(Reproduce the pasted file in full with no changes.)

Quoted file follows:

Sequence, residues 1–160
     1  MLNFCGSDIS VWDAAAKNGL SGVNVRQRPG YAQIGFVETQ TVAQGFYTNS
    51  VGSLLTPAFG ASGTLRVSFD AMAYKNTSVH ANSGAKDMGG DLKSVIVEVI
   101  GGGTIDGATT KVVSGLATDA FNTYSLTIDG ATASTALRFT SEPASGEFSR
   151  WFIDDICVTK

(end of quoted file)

Sequence, residues 1–160
     1  MLNFCGSDIS VWDAAAKNGL SGVNVRQRPG YAQIGFVETQ TVAQGFYTNS
    51  VGSLLTPAFG ASGTLRVSFD AMAYKNTSVH ANSGAKDMGG DLKSVIVEVI
   101  GGGTIDGATT KVVSGLATDA FNTYSLTIDG ATASTALRFT SEPASGEFSR
   151  WFIDDICVTK